Delayed hypopituitarism following Russell’s viper envenomation: a case series and literature review
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Hypopituitarism (HP) is an uncommon consequence of Russell’s viper envenomation (RVE). Delayed hypopituitarism (DHP) presents months to years after recovering from snake bites (SB). The clinical presentation, manifestations, and outcomes of DHP following RVE have not been systematically studied. Here, we present a case series of HP following RVE with delayed diagnosis and conduct a literature review.
We retrospectively reviewed data of eight DHP cases and literature to outline the presentation, manifestations, hormonal profiles, and radiological features of DHP following RVE.
Three men and five women, with a mean age at diagnosis of 39.5 ± 11.6 years, were included. The mean duration between snake bite (SB) and HP diagnosis was 8.1 ± 3.6 years. Secondary hypothyroidism and hypogonadotropic hypogonadism were present in all patients. Growth hormone deficiency (GHD) and secondary hypocortisolism were present in 6 (75%) patients. Magnetic resonance imaging (MRI) revealed empty sella and partially empty sella in three patients each (75%). The literature review revealed additional 20 DHP cases (mean age at diagnosis 32.4 ± 10.8 years), with 65% of patients being men. Fatigue, reduced libido, and loss of weight were the commonest symptoms among men. Secondary amenorrhea, fatigue, and loss of appetite were common manifestations among women. Acute kidney injury, GHD, secondary hypothyroidism, hypogonadism, and adrenal insufficiency were reported in 75%, 79%, 95%, 100%, and 85% of patients, respectively.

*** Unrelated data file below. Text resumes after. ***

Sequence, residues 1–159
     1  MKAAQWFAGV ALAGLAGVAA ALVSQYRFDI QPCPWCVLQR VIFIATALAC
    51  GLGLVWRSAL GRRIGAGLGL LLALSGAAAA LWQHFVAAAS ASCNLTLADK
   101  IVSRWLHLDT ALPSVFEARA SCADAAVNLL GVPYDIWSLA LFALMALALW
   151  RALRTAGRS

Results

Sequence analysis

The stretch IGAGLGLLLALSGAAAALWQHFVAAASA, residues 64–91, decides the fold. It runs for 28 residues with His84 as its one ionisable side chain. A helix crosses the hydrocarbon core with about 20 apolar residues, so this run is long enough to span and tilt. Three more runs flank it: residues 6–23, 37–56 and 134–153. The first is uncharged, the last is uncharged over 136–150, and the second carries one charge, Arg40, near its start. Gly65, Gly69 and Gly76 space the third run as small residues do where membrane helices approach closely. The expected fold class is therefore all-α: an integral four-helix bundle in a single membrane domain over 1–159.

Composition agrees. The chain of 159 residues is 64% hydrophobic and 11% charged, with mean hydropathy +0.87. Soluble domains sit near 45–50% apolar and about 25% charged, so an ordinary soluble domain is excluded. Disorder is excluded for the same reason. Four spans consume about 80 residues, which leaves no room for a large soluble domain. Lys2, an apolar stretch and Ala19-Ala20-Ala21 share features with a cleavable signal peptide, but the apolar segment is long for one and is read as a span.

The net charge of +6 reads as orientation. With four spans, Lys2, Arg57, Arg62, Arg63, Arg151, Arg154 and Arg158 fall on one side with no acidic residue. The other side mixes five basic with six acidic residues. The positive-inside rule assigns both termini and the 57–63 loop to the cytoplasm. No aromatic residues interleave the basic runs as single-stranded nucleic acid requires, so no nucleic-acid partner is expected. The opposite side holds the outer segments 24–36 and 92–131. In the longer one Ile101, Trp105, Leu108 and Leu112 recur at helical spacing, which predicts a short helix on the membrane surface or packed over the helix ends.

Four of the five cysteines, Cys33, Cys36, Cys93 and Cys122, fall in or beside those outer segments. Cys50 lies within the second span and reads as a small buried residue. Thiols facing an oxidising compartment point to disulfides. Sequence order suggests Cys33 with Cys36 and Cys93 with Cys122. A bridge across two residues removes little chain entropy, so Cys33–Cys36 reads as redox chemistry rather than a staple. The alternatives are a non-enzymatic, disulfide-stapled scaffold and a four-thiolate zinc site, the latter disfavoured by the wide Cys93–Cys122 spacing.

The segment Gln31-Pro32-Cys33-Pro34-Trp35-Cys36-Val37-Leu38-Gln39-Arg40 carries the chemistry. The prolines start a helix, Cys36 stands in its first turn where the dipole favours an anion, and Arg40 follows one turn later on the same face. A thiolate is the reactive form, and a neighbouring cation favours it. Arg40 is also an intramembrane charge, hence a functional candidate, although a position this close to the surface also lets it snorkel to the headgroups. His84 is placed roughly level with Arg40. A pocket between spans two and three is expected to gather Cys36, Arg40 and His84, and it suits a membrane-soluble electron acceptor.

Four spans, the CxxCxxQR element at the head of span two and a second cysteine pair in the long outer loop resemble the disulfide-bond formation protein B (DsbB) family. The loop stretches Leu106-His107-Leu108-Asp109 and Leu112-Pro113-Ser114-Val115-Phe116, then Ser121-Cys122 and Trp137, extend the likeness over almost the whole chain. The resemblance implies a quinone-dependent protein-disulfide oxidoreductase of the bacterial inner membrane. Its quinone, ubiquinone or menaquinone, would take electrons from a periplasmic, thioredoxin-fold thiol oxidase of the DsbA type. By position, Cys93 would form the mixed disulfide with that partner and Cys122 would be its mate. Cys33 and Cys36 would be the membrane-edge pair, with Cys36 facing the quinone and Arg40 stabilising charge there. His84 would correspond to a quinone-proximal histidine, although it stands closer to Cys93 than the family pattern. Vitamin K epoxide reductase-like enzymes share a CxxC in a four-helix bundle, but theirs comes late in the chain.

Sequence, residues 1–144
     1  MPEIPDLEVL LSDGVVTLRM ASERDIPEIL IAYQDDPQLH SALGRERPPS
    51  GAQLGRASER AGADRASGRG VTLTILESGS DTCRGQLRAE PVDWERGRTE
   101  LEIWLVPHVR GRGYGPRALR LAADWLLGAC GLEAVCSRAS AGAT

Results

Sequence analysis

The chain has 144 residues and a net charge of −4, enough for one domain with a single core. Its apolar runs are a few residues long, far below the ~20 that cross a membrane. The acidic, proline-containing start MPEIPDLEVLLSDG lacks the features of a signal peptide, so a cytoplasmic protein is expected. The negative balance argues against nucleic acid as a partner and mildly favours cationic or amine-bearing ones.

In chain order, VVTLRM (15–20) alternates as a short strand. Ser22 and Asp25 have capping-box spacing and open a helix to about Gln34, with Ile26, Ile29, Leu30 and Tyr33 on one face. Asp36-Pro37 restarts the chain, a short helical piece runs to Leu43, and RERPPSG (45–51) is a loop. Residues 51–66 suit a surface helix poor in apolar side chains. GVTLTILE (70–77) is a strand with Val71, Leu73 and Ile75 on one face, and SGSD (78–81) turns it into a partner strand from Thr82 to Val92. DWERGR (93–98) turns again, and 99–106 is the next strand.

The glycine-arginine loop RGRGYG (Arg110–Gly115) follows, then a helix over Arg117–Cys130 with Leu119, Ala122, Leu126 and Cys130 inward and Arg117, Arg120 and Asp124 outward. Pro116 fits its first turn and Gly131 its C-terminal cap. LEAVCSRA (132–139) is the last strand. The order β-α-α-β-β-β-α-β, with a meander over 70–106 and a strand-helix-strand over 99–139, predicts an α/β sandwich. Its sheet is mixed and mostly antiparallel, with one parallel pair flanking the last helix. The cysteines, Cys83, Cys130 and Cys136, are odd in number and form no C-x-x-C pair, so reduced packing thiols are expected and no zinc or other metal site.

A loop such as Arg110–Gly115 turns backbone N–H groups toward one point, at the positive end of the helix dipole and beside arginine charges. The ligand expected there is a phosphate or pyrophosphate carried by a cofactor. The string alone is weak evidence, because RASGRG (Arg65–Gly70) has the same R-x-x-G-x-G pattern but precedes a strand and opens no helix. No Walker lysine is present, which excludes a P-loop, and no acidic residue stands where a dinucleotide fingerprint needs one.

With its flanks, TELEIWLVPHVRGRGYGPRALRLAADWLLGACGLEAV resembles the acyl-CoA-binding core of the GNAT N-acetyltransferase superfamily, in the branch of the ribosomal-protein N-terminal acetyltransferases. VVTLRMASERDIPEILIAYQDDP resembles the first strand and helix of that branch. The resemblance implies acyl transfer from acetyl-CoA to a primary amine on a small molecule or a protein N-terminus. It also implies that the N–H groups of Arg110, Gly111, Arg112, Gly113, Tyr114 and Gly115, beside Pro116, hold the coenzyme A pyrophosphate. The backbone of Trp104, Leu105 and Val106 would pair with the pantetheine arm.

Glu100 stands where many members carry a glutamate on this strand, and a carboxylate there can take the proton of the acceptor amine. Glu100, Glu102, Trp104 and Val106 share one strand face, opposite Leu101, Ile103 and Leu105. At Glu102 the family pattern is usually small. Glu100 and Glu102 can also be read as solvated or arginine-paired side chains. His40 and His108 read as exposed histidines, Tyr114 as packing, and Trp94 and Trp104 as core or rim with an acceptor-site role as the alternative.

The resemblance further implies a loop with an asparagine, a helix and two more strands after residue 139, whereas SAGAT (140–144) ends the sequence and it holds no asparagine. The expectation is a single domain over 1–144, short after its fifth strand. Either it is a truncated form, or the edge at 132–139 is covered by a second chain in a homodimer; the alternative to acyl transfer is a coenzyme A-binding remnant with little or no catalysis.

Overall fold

DHP is an important complication of RVE, and a delay in its diagnosis is associated with significant morbidity. Patients with RVE should be followed up for a long term to identify DHP.
KeywordsRussell’s viper envenomation Snake bite Hypopituitarism Delayed presentation Pituitary necrosis Amenorrhea
We would like to acknowledge the timely help provided by Dr. Nagashree N, Intern Medical Officer at the Vydehi Institute of Medical Sciences and Research Centre in retrieving full text manuscripts. We would also like to thank Mrs. Sumithra Selvan for her help in statistical analysis.
Compliance with ethical standards
Conflict of interest
The authors declare that they have no conflict of interest.
All procedures performed in studies involving human participants were in accordance with the ethical standards of the institutional and/or national research committee and with the 1964 Helsinki declaration and its later amendments or comparable ethical standards. For this type of study formal consent is not required.
Informed consent was obtained from all individual participants included in the study.
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